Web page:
Birmingham City Council services are likely to be severely disrupted today after unions rejected a £3 million last-minute settlement of a pay dispute and agreed to go ahead with a 24-hour strike.
Five days of talks aimed at preventing the start of a protracted campaign of industrial action failed, with union leaders refusing to accept a pay and grading review under which more than 4,800 workers will suffer wage cuts.
The rejected package proposed giving the 10,000 staff who have not yet signed their new contracts of employment until the end of September to do so, allowing negotiations between the two sides to continue.
The council also offered to address union concerns by guaranteeing future salary increases under the new system, making changes to the structure for assimilating employees into the new grades, introducing a new appeals process and backdating pay rises to April 2007.
The total cost of the changes would be about £3 million on top of the £29 million a year the pay shake-up will cost to implement, according to cabinet equalities and human resources spokesman Alan Rudge.
He said the offer remained on the table despite the union rejection.
The extent of support among 20,000 union members for today's action remained unclear last night;
* fewer than 70 of Birmingham's 450 schools are expected to close, according to the council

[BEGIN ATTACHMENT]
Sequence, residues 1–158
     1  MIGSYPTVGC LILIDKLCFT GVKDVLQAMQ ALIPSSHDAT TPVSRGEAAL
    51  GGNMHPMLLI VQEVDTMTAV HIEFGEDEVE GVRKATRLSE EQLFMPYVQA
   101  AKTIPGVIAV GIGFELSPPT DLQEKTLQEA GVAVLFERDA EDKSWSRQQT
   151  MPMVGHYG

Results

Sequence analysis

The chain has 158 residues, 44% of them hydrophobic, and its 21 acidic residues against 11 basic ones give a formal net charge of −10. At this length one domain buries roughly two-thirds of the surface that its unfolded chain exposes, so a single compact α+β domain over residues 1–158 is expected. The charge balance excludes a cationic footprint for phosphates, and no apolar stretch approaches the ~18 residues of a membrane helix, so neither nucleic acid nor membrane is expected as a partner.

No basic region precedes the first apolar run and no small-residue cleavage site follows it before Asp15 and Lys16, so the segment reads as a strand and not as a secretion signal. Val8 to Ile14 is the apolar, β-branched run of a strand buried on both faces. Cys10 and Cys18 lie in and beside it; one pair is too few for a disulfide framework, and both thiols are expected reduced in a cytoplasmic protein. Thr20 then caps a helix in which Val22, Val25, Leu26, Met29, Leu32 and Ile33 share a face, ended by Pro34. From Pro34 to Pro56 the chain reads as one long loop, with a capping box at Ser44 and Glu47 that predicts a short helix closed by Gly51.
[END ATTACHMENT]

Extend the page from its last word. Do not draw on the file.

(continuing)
* the Council House and civic buildings will remain open;
* markets, crematoria and cemeteries will open as usual along with most neighbourhood offices
* all libraries will close along with the Museum and Art Gallery
* there are unlikely to be any dustbin collections.
Coun Rudge (Con Sutton Vesey) said he believed most workers did not want to strike, but were under pressure from union leaders in London who wanted a walk-out for political reasons.
He pointed to the fact that fewer than a quarter of the council union membership took part in strike ballots, while binmen and street cleaners last week overwhelmingly accepted an £8,000 pay rise to compensate them for the loss of bonus payments.
Union concerns about the validity of the binmen and street cleaners ballot, which was organised by the council, were dismissed as "nonsense" by Coun Rudge.
He said the pay and grading review, which had been forced on the council by the Government, would result in far more winners than losers. More than 35,000 employees will qualify for a pay rise or retain their existing salary.
Coun Rudge added: "It is totally unreasonable for the unions to suggest we can have a pay and grading review without winners and losers. They never mention the people who are going to gain money out of this.
"We are not helped by the fact that some people positively want to strike and they are doing everything they can to make people strike.
"If the unions are actually interested in what is fair and reasonable, we have put forward proposals to meet their concerns."